Salicornia bigelovii, Brackish Nibble
Glasswort does not sound like breaking glass at all, though it does crunch a bit.
Salicornia bigelovii (sa-li-KOR-nee-a big-eh-LOV-ee-eye) has been used by most indigenous people around the world. Like many other salt-tolerating plants, it grows in salt marshes, on beaches, and among mangroves. They are native to the United States, Europe, South Africa and South Asia.
There’s significant commercial interest in glasswort in that it can be watered with salt water and can produce an excellent and nutritious oil. The raw seeds themselves are not edible because of saponins, but those remain with the meal when the oil is extracted. It is similar to safflower oil in composition, has a nutty flavor with a texture like olive oil. An ash made from the plant was used in the manufacturing of glass, hence its name. Glasswort has also been used as a diuretic and an antiscorbuitic. l like it raw in salads.
Besides forager glasswort is the favorite of several butterflies particularly Lepidoptera species including the Coleophora case-bearers C. atriplicis and C. salicorniae, the latter which feeds exclusively on Salicornia. Salicornia means salt horn, referring to the plant’s branches. And Bigelovii: It was discovered in the New World by American botanist, Jacob Bigelow, right, 1787-1879. Of course, native Americans discovered it long before Jacob did. Professor Bigelow’s other claim to fame was he established the first rural garden cemetery in North America, Mount Auburn Cemetery in Cambrdge and Watertown, Massachusetts. He was not fond of doctors and was a vocal critic of their practices.
A close cousin to the S. bigelovii is the S. virginica (ver-JIN-ni-ka) meaning “of Virginia” read middle North America. Essentially the main difference is while the S. bigelovii can be stout the S. virginica tends to be trailing and forms mats on the ground. It is not as esteemed as its cousin but can be cooked and eaten the same way. However, it can be stringy so some folks like to put the cooked vegetable through a strainer to get rid of some stringiness.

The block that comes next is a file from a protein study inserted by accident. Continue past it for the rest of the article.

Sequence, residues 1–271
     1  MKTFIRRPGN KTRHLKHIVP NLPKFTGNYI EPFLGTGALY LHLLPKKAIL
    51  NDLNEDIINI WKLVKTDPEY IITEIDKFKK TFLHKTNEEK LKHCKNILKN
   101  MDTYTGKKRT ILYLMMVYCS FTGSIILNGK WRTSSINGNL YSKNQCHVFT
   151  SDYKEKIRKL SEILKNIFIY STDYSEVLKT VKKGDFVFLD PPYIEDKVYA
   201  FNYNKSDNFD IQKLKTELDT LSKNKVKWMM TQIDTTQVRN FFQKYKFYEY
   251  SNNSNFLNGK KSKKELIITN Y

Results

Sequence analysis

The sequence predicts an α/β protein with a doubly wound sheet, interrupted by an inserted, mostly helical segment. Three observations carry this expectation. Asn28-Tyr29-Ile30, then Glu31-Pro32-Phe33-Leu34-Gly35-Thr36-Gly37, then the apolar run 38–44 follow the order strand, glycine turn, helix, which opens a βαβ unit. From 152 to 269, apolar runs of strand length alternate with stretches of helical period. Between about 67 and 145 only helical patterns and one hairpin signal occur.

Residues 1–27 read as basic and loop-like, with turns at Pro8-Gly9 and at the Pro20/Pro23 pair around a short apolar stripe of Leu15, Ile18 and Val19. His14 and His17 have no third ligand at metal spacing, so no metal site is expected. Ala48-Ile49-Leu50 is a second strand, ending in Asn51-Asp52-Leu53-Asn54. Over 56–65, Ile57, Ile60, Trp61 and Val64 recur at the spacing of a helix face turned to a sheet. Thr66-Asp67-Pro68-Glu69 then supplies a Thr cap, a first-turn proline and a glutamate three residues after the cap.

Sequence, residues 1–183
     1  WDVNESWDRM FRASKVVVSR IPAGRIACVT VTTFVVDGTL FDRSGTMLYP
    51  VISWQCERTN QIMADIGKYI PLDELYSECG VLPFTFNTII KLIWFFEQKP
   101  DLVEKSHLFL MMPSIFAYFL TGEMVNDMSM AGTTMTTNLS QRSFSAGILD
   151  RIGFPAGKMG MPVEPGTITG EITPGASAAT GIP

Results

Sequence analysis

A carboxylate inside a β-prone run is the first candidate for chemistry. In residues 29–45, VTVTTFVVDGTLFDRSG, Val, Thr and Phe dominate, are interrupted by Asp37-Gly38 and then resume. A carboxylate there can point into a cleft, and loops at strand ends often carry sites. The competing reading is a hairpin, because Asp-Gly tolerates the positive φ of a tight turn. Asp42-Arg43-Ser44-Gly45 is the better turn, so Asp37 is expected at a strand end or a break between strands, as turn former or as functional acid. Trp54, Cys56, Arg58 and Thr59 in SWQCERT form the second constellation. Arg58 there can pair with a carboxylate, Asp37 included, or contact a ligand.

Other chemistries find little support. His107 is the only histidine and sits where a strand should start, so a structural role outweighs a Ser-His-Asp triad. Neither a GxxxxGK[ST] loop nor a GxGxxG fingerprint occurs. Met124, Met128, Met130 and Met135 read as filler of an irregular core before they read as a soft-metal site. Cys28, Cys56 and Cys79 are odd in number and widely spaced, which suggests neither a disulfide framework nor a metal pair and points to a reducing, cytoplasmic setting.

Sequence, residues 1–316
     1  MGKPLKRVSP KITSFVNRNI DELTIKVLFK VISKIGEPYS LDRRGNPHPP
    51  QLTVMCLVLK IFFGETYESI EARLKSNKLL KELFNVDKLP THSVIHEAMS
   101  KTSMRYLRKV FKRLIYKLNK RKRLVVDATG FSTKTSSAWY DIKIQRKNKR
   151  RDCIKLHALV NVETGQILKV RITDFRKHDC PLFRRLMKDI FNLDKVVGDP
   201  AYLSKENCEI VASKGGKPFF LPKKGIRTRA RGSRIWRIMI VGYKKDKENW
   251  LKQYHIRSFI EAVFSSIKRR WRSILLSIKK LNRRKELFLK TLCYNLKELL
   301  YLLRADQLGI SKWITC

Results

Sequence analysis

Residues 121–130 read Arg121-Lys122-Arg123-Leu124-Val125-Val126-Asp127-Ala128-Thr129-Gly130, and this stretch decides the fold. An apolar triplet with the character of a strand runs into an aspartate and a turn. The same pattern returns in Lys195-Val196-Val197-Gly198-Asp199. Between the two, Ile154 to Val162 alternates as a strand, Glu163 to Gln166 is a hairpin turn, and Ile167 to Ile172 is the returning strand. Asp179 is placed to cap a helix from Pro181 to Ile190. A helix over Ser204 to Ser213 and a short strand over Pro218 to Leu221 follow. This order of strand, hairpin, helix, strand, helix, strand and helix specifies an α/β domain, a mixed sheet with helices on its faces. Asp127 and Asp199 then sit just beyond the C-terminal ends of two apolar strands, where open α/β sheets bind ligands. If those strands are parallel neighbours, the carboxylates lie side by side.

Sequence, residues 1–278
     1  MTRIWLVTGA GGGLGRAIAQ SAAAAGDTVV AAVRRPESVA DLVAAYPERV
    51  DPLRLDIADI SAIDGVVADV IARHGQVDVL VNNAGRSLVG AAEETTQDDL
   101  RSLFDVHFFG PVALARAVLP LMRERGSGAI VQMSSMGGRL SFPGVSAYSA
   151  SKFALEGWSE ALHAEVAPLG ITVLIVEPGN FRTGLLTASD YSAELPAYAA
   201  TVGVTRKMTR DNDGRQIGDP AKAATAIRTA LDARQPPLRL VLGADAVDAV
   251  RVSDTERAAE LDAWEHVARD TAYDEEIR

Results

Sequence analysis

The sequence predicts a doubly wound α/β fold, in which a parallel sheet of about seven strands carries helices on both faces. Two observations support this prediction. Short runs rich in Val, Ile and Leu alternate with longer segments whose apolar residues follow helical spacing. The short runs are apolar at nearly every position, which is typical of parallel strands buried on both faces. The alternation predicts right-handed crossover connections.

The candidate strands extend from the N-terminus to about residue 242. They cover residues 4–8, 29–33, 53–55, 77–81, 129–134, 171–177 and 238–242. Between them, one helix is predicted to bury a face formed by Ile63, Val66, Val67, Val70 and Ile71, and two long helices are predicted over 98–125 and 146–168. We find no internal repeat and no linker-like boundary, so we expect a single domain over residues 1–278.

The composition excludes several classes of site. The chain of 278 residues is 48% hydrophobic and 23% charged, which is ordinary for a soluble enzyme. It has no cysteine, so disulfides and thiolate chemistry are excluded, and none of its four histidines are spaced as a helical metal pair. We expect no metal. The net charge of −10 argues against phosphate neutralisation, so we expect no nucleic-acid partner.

Called Pickleweed and Woody Glasswort (from the sound some think it makes when you walk on it) glasswort can be found New Hampshire to Texas and up the Pacific coast. Often it turns red in the winter and red parts taste more salty. It has woody, jointed stems and leaves like fleshy sheaths. The flowers are extremely small, sunken into the joints, usually only the stamens visible. Four to 18 inches in height, it usually forms dense stands, miniature upright forests in tidal areas.
As with most greens, harvest when young and tender, or the growing tips. The entire glasswort grows woody as it ages, but in stages. You may find when you go to chop it that you have some with a thin woody core and fleshy on the outside. Just bend up those pieces and boil them any way. When they are done, the fleshy green exterior can be easily stripped of the inner light yellow wood. Toss the woody parts away. For raw in salads and as pickles pick the youngest parts possible and keep checking for a woody core, which you don’t want if you aren’t going to cook them. Older pink parts of glasswort can be used to make salt or for seasoning. Incidentally, the ash, which can be used for making glass and leaching lichen, is also good for making soap, especially if you don’t have hard wood ashes available for soap .
Green Deane’s “Itemized” Plant Profile
IDENTIFICATION: Glassworts are succulent, fleshy plants with opposite leaves and jointed stems, found in saline environments. Plant, 2 to 12 inches, erect, may turn red in winter. Leaves very small, scale-like. Flowers tiny, sunken into stem joints, commonly only stamens visible. Joints wider than long. Fruit small, succulent containing one seed.
TIME OF YEAR: All year round
ENVIRONMENT: Salt marshes, and along interior salt lakes.
METHOD OF PREPARATION: Young leaves and stems, raw, cooked or pickled. Oil pressed. Another species, S. perennis, is likewise usable after cooking but should be strained. Scalornia gets woody as it ages and is not edible.
Salicornia bigelovii Torr.: An Oilseed Halophyte for Seawater Irrigation
EDWARD P. GLENN 1, JAMES W. O’LEARY 1, M. CAROLYN WATSON 1, T. LEWIS THOMPSON 1, and ROBERT O. KUEHL 2. 1 Environmental Research Laboratory, 2601 East Airport Drive, Tucson, AZ 85706
2 Statistical Support Unit, College of Agriculture, University of Arizona, Tucson, AZ 85721
The terrestrial halophyte, Salicornia bigelovii Torr., was evaluated as an oilseed crop for direct seawater irrigation during 6 years of field trials in an extreme coastal desert environment. Yields of seed and biomass equated or exceeded freshwater oilseed crops such as soybean and sunflower. The seed contained 26 to 33 percent oil, 31 percent protein, and was low in fiber and ash (5 to 7 percent). The oil and meal were extracted by normal milling equipment, and the oil was high in linoleic acid (73 to 75 percent) and could replace soybean oil in chicken diets. The meal had antigrowth factors, attributed to saponins, but could replace soybean meal in chicken diets amended with the saponin antagonist, cholesterol. Salicornia bigelovii appears to be a potentially valuable new oilseed crop for subtropical coastal deserts.